Monetary Policy Implementation with an Ample Supply of Reserves
Gara Afonso, Kyungmin Kim, Antoine Martin, Ed Nosal, Simon Potter, and Sam Schulhofer-Wohl
Working Paper 2020-2
Methods of monetary policy implementation continue to change. The level of reserve supply—scarce, abundant, or somewhere in between—has implications for the efficiency and effectiveness of an implementation regime. The money market events of September 2019 highlight the need for an analytical framework to better understand implementation regimes. We discuss major issues relevant to the choice of an implementation regime, using a parsimonious framework and drawing from the experience in the United States since the 2007–09 financial crisis. We find that the optimal level of reserve supply likely lies somewhere between scarce and abundant reserves, thus highlighting the benefits of implementation with what could be called "ample" reserves. The Federal Reserve's announcement in October 2019 that it would maintain a level of reserve supply greater than the one that prevailed in early September is consistent with the implications of our framework.
JEL classification: E42, E58
Key words: federal funds market, monetary policy implementation, ample reserve supply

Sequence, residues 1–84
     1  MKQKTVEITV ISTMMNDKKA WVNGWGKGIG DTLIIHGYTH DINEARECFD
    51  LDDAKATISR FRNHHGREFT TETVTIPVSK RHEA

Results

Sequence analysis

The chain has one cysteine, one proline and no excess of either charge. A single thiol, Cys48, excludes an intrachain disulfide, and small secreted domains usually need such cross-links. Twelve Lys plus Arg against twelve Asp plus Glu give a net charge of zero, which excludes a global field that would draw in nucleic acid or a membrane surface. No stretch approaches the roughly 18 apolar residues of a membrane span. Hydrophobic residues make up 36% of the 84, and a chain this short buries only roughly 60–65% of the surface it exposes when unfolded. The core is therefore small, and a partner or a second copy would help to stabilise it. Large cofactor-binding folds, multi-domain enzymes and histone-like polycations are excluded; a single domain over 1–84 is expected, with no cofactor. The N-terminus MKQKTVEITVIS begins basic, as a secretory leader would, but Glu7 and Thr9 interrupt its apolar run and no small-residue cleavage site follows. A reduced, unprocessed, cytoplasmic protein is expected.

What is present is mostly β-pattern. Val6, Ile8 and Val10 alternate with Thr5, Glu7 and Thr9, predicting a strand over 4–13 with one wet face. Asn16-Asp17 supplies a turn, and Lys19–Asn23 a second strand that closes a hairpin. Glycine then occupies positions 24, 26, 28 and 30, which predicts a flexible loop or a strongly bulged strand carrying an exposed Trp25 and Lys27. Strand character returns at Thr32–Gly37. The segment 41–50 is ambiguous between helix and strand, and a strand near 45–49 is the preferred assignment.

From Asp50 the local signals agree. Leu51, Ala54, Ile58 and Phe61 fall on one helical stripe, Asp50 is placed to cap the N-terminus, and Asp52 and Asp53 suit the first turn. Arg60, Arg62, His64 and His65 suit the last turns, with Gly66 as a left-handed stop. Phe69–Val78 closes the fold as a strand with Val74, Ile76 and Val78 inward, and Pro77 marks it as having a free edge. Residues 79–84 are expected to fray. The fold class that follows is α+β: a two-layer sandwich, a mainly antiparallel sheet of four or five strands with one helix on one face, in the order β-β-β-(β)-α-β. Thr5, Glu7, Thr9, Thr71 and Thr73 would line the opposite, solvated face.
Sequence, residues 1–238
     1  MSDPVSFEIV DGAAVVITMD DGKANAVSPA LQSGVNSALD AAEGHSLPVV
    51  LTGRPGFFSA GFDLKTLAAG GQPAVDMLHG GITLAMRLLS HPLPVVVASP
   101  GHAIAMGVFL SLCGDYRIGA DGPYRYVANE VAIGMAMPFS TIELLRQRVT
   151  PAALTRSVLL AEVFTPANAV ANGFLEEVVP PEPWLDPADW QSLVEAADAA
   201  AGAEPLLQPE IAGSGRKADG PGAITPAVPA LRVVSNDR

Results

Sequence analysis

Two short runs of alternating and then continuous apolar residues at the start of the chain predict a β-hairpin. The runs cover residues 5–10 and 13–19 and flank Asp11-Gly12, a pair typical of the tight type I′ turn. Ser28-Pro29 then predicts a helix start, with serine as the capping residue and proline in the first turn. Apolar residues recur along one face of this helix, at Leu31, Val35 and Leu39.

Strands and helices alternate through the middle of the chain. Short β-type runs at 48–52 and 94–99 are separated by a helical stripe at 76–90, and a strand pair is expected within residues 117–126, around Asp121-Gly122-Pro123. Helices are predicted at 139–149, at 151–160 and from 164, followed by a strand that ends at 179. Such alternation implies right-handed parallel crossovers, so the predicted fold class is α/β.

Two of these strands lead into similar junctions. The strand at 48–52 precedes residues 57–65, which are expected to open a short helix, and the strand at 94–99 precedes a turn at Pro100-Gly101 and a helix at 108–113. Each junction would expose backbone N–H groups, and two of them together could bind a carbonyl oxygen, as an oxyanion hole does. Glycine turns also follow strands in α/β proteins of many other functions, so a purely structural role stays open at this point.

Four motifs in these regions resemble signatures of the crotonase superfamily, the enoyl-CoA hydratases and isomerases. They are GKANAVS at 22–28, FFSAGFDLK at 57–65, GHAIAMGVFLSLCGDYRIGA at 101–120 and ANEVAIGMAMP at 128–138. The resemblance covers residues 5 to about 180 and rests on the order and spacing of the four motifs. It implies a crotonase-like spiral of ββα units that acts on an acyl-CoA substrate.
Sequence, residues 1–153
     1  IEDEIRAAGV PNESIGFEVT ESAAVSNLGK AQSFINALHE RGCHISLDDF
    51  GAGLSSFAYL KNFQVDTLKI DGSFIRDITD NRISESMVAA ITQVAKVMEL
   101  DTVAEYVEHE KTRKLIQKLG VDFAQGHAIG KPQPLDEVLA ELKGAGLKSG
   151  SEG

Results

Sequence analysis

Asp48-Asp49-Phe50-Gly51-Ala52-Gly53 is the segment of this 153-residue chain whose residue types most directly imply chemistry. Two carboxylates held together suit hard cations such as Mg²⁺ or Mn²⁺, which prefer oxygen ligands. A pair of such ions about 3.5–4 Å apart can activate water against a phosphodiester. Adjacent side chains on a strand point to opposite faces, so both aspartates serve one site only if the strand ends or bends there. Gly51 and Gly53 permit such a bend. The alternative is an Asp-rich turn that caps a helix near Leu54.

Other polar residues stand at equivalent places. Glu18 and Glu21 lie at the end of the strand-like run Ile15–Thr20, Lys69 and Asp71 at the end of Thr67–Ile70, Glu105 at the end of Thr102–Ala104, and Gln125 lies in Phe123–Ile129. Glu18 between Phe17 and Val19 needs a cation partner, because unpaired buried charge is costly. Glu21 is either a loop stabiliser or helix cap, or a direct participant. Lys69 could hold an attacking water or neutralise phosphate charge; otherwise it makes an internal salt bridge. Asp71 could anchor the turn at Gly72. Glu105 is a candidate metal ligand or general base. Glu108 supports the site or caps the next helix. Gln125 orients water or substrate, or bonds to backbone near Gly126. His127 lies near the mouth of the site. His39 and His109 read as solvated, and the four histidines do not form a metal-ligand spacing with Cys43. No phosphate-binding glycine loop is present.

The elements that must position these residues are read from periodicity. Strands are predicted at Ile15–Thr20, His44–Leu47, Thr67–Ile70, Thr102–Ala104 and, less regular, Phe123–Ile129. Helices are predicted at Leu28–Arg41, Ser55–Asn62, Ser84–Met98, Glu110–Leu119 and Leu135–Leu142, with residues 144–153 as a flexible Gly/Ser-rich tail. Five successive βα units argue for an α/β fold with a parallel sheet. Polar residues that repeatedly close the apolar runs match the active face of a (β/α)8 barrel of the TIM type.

Potter worked on this paper while he was at the Federal Reserve Bank of New York and not subsequently. The authors thank Jim Clouse, Spence Krane, Laura Lipscomb, Julie Remache, Zeynep Senyuz, Nate Wuerffel, and Patricia Zobel for useful comments. The views expressed here are those of the authors and not necessarily those of the Federal Reserve Banks of New York, Atlanta, and Chicago; the Board of Governors; or the Federal Reserve System. Any remaining errors are the authors’ responsibility.
Please address questions regarding content to Gara Afonso, Federal Reserve Bank of New York, firstname.lastname@example.org; Kyungmin Kim, Federal Reserve Board of Governors, email@example.com; Antoine Martin, Federal Reserve Bank of New York, firstname.lastname@example.org; Ed Nosal, Federal Reserve Bank of Atlanta, email@example.com; Simon Potter, Peterson Institute for International Economics; or Sam Schulhofer-Wohl, Federal Reserve Bank of Chicago, firstname.lastname@example.org.
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